Posts tagged: Tom Vilsack
A new report out today from the U.S. Department of Agriculture shows that costs allocated to fighting wildfires have grown from 16 percent of the U.S. Forest Service’s overall budget in 1995 to 42 percent today. “This has led to substantial cuts in other areas of the Forest Service budget, including efforts to keep forests healthy, reduce fire risk, and strengthen local economies,” Agriculture Secretary Tom Vilsack said in a statement today as he released the report.
Those percentage figures don’t include so-called “fire borrowing,” he noted, in which the Forest Service borrows from other areas of its budget once it’s used up its allocated amount for firefighting but blazes are still going. Vilsack renewed his request to Congress to allow an existing disaster funds to cover firefighting costs in years when they exceed allocated amounts.
A year ago, Idaho GOP Sen. Mike Crapo and Oregon Democratic Sen. Ron Wyden, along with Idaho Sen. Jim Risch, gathered at the National Interagency Fire Center in Boise to kick off a push to end the borrowing and instead tap disaster funds when firefighting costs balloon over allocated amounts. Their bipartisan legislation had been picking up support in both houses – Idaho GOP Rep. Mike Simpson is among the House sponsors, along with Rep. Kurt Schrader, D-Oregon – but paradoxically suffered a setback earlier this year after President Barack Obama not only endorsed it but included it in his budget.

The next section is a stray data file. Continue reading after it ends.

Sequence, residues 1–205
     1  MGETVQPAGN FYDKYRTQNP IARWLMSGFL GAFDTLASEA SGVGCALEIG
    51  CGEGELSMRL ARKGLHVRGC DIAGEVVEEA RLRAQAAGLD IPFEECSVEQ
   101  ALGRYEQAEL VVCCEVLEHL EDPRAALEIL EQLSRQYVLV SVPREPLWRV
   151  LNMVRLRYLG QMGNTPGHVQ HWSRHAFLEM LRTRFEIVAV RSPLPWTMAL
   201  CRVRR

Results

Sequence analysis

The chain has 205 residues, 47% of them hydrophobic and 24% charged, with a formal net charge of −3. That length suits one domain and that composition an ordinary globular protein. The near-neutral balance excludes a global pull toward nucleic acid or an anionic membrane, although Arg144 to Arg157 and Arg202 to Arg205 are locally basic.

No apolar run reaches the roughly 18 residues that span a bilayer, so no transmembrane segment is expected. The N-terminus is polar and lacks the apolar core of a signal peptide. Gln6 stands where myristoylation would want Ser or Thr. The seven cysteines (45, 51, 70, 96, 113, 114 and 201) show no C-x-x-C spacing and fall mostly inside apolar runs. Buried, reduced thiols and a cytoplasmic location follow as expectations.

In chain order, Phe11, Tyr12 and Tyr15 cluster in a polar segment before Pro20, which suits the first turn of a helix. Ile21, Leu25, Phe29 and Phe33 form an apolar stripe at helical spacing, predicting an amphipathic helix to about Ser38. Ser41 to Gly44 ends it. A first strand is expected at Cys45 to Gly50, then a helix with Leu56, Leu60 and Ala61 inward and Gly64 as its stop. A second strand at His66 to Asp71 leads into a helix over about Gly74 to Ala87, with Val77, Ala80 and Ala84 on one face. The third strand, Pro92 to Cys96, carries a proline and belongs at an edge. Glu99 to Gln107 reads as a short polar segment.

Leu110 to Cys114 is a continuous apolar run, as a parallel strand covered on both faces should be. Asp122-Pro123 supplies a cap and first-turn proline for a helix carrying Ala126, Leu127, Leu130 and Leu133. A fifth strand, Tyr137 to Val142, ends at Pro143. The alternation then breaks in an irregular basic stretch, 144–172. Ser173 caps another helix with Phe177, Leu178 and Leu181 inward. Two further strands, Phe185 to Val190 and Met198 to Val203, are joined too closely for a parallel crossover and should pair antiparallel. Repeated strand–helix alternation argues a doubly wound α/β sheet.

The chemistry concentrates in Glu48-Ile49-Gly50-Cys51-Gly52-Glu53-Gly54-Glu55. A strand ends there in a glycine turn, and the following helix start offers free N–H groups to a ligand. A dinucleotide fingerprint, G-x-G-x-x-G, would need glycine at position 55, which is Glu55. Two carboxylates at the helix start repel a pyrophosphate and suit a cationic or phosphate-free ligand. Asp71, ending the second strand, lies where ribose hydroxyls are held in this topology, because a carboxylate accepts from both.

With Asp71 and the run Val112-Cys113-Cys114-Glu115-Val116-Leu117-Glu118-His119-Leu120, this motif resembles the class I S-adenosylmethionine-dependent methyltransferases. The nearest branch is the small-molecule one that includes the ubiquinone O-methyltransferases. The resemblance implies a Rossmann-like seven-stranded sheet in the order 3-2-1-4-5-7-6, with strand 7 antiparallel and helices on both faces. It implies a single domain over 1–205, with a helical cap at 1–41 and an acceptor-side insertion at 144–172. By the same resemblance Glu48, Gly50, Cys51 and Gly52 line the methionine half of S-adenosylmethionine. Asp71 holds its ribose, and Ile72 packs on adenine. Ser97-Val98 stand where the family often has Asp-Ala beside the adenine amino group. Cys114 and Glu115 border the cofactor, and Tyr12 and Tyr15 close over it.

“That spurred some folks to be cautious about it,” said Lindsay Nothern, Crapo’s press secretary. “Honestly, it’s been kind of bottled up. It’s been affected by politics.” The House version of the bill has 131 co-sponsors, including Idaho 1st District GOP Rep. Raul Labrador. The Senate version has 18 co-sponsors including Risch.